A topical one this time! To have one phantom country occupying your claimed national territory would be unfortunate, to have two looks rather suspicious. This is the situation in which Georgia finds itself, with South Ossetia being the second of its secessionist regions. Like Abkhazia, South Ossetian secessionism has an ethnic base, with the region having many people who apparently consider themselves ethnic Ossetians. Stalin had drawn the internal borders of the USSR such that South Ossetia was part of Georgia (while neighbouring North Ossetia was in the Russian Federation). I have a vague memory of there being some trouble in South Ossetia even before the break-up of the Soviet Union, but it was when Georgia became independent that things seriously deteriorated. A war between South Ossetian separatists and the Georgian centre erupted in the 1990s, ending with an unrecognised regime being established in the enclave and Russian troops deployed there as "peace-keepers" to protect it. Until the start of the current unpleasantness, the conflict has remained frozen.
I can't tell you too much about the nature of the South Ossetian regime, or whether its leaders aspire to full independence or to joining their North Ossetian friends as part of Russia. The region looks chunky enough on a map, but from media reports I gather that its population (before the current unfortunate events) was pretty small, so maybe independence is not a realistic aspiration. It looks also like the South Ossetian regime is so dependent on Russia for protection from Georgia that it is hard to imagine it ever trying to pursue a fully independent course.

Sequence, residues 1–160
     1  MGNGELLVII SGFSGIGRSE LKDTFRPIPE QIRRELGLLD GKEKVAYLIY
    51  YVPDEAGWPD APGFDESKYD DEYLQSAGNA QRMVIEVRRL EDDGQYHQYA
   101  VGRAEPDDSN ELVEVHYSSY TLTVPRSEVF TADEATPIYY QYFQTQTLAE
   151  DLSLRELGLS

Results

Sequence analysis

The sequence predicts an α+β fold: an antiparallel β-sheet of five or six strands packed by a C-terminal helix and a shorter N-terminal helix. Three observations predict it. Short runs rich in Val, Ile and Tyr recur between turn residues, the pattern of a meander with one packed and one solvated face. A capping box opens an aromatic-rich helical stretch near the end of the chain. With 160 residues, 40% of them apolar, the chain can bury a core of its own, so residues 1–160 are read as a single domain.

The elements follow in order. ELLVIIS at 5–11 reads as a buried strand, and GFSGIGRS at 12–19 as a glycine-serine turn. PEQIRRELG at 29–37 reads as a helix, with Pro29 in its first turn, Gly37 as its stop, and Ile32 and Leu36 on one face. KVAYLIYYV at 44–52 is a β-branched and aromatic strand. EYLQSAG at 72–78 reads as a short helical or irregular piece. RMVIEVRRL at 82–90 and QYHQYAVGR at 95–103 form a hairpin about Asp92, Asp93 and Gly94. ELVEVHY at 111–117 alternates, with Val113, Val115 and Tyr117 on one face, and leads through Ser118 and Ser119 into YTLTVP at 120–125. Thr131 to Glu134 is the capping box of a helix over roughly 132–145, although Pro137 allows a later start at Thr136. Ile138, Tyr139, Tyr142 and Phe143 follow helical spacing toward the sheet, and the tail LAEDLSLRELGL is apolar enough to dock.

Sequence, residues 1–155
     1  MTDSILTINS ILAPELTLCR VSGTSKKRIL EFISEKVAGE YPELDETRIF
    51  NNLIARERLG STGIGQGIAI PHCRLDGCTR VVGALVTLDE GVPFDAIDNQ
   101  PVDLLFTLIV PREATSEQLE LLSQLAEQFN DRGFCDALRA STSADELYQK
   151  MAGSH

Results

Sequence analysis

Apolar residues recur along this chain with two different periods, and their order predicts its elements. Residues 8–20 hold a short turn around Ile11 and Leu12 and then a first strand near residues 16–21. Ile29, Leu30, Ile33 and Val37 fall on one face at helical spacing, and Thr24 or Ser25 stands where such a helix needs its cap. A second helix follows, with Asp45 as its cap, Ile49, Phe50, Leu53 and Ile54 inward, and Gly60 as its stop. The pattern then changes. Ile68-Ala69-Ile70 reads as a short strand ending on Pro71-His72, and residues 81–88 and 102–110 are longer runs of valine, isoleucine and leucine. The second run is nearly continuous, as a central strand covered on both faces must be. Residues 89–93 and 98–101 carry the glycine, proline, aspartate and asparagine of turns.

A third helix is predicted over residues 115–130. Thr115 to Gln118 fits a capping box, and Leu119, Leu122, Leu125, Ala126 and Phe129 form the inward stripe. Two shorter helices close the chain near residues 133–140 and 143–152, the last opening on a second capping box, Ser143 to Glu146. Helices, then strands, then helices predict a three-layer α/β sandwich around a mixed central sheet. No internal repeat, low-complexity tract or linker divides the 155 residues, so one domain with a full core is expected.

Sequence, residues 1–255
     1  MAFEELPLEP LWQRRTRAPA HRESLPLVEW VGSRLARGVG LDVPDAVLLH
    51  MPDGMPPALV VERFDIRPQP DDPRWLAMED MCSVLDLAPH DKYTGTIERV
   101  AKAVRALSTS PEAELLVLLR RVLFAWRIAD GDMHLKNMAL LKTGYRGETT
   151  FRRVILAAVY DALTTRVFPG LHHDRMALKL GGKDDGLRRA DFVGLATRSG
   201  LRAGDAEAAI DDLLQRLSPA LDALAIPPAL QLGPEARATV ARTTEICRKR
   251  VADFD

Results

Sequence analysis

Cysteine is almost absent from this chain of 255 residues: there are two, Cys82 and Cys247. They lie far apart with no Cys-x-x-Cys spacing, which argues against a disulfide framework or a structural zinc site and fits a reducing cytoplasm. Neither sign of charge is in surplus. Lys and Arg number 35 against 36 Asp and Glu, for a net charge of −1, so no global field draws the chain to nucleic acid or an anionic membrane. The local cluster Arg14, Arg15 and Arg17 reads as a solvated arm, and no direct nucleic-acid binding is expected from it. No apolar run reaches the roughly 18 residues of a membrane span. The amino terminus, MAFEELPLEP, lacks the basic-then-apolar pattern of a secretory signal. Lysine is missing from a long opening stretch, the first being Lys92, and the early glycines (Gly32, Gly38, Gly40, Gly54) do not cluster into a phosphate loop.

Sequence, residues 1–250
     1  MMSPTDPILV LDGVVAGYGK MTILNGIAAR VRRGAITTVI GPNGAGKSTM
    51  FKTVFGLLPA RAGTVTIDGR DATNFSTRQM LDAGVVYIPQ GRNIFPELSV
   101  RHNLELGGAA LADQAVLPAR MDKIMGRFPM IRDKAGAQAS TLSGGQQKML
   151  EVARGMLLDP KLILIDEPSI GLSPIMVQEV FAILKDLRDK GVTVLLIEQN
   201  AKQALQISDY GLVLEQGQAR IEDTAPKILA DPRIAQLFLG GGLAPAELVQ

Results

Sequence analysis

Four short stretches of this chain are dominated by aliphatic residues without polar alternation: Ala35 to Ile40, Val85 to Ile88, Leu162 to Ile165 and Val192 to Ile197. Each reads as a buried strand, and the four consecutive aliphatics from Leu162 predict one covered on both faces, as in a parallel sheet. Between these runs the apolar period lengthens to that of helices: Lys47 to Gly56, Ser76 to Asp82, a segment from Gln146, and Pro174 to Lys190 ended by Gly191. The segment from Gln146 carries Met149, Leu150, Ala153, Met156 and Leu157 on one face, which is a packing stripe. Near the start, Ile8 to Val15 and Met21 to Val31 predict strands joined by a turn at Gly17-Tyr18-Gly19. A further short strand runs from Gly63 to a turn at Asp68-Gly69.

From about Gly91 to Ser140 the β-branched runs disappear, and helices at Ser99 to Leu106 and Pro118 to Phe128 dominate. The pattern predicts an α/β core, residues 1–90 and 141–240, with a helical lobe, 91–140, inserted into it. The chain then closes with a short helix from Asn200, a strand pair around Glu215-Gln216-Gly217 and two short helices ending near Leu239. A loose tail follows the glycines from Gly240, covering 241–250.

And so to current events. The rights and wrongs of the situation depend on your view of whether sub-regions of a state have a right to secede, and whether a state has the right to use force against secessionists. My impression is that international law hates secessionists, but then international law is written by national governments so this is not too surprising. Whatever about the morality of the situation, Georgia's president, Mikheil Saakashvili, comes across as something of a clown. The first rule of statecraft is never start a war you can’t win. Georgia had previously tried to undermine South Ossetian separatism using the disco power of Boney M, but then earlier this month Saakashvili escalated the frozen conflict, launching an offensive against the separatists and bombarding their capital. Maybe he thought that his US-trained army could over-run South Ossetia before the Russians reacted. Unfortunately for him, the Russian response was rapid and Israel-like in its disproportion to the initial Georgian attacks. Georgian forces were rapidly shattered and Russian soldiers moved beyond South Ossetia into Georgia-proper while Russian jets ranged at will over the country. If Saakashvili thought that his American pals would bail him out then he must now be cruelly disappointed; Bush and Rice issued statements about how concerned they are, but they are plainly not going to risk a direct confrontation with Russia.
For South Ossetia, I reckon that the net effect of Saakashvili's rash offensive is to make that region forever outside effective Georgian control, with its future destiny likely to be in ever closer links to Russia. The same is probably true of Abkhazia. For Georgia itself, I reckon its chances of joining NATO are now dead. If the country was in NATO now, then the alliance would be at war with Russia. Anyone with half a brain will not want the alliance expanded to include a country led by adventurists who could embroil them in a third world war at the drop of a hat. The Georgians themselves might be wise to replace Saakashvili with someone with a more realistic appreciation of their country's capabilities and a less reckless approach to conflict resolution. Ironically, Putin and Medvedev's declared unwillingness to deal with Saakashvili might just be enough to keep him in office, as no one likes an external actor telling you whom to have as your leader.